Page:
Haley knows what happened- she always does. She doesn’t force him to explain what went through his head, nor does she tease him about not being able to handle the sight of childbirth like the nurses do, so blissfully unaware of the monsters that haunt his nightmares.
Instead, Haley lays Jack down in the cot beside her bed. And then she takes Aaron’s hands, covering them with her own. She presses a soft kiss to his knuckle. Almost like she is silently promising him the same thing: that he will not hurt this child the way he was.
Suddenly, he is in the present.
Aaron is thirty-nine.
He is sitting in the living room of the home he had built with Haley. The home they were supposed to raise Jack in. Together. But now she is gone. She is gone and it is all his fault.
He let George Foyet escape. And then he took too long to work out his final plan. He took too long to get to the house. So now Haley is gone. Jack will grow up without a mother and a father that cannot trust himself to touch him without causing harm.
How can he?
He has killed a man. A person. A person who had surrendered, with nothing more than his bare hands. He killed the man that had murdered Haley, in order to save Jack, but what kind of person does that make him? How is he supposed to comfort his son by hugging him and holding him when the blood would never be washed from his hands?
How could it?
He is worse than his father.
Derek leaves him after he finishes with the bandages.
He returns a few seconds, minutes, hours- Hotch doesn’t know, time has become nothing to him- later. He returns to Hotch sobbing over all the things he has loved and lost since he was born.
Derek doesn't say a word. He doesn’t need to. He knows nothing he says will make the situation better. Instead, he takes Aaron’s hands and lets the man cry.
Healing- physical and emotional- takes time. Rationally, Aaron knows it will, but it’s still a difficult thing to accept. It takes longer than he wants it to.
It angers him- that it’s taking him so long to get back to normal and move on. The grief counsellor (the one Derek urged him to see, if not for his own sake, then for Jack’s) reminds him that it’s normal. If it were anyone else, Hotch would tell them to let themselves feel, and to give themself time to mourn.
But he is supposed to be the leader of the BAU. And although he can hardly look at Jack without tears forming, he is a father. He needs to be there for his son. So whilst everyone- colleagues, family, Jack’s counsellor, his own therapist- tells him he needs to take care of himself as well, he just can’t.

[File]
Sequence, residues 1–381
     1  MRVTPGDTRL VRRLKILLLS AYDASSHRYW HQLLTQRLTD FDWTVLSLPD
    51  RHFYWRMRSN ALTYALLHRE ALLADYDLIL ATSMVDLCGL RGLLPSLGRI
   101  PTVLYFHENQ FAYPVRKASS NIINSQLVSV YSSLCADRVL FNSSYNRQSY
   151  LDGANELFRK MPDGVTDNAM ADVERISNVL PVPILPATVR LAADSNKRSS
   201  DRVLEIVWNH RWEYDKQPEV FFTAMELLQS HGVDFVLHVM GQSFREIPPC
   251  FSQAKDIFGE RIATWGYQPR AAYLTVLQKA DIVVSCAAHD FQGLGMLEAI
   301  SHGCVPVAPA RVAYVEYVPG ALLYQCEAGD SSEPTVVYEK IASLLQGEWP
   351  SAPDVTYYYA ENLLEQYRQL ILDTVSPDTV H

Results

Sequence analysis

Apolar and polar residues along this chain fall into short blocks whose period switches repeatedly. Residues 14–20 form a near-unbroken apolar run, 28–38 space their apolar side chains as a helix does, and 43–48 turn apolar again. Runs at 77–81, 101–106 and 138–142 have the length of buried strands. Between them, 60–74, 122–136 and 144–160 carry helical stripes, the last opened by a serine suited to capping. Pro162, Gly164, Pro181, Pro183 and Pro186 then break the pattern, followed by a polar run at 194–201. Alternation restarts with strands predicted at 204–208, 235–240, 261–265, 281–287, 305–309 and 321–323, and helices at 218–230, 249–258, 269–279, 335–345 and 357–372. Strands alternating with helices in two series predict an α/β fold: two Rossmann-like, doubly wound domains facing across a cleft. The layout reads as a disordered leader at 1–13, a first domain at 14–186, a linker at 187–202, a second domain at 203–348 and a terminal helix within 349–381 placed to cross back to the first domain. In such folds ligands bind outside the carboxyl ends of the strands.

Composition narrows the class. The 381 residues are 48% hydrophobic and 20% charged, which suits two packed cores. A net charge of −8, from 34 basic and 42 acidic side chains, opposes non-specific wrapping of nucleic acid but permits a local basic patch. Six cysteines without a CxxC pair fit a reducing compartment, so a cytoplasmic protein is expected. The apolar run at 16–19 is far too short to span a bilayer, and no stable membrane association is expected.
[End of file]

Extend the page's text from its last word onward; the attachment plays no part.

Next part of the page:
He can’t bring himself to eat. He can’t bring himself to let go of the guilt. He can’t bring himself to mourn. He can’t bring himself to accept that Haley is gone, nothing more than a casket, a headstone, photos and the memories and stories her loved ones cling to.
There is so much he cannot do. Too much that he feels.
Yet no matter what seems to happen, no matter how sad he feels, how angry he gets at the world, Derek seems to stick around. When Aaron is terrified of hurting someone he loves, Derek is there to remind him he won’t. When he is so tired he can’t even sleep, but Jack wakes from a nightmare, Derek stays awake and reads to him.
When he forgets to eat.
When counselling drains him of his energy.
When his hands shake too much to point the gun at the target during his re-certification training.
When he can’t even look at his hands because of all the harm they have caused.
Derek stays, even when Aaron cannot hug his son.
Aaron Hotchner is forty-three years old.
It has been three years since Haley’s death.
Two years ago, he let go of his guilt. One year and nine months ago, he let go of his fear of moving on, as he realised he could love someone and remember her all at once. Seven months ago, he built up the courage to tell Derek how he truly felt.
Derek had kissed him, soft and gentle and perfect. It had been exactly the same and completely different to the first kiss him and Haley had shared. Because it had been perfect, and it had been unexpected, but it had been less desperate and less messy.
Derek had kissed him, and Aaron had felt peace. He knows Haley is proud of him.
Derek is watching him. The man who had lost everything and then found a way to carry on. The man who put everyone above himself, but is learning to care for himself. The man who still wakes up screaming, but who has learnt to breathe without fear of timing running out.
The man he loves.
Jack is holding an ice-cream in one hand as he and Hotch walk side by side, down to where Morgan is waiting to surprise the boy- not so little anymore- with a trip to the bowling alley for his birthday.
Jack holds his hand out for his dad to take.
And what does Aaron do?
He takes Jack’s hand in his own, without a single ounce of hesitation.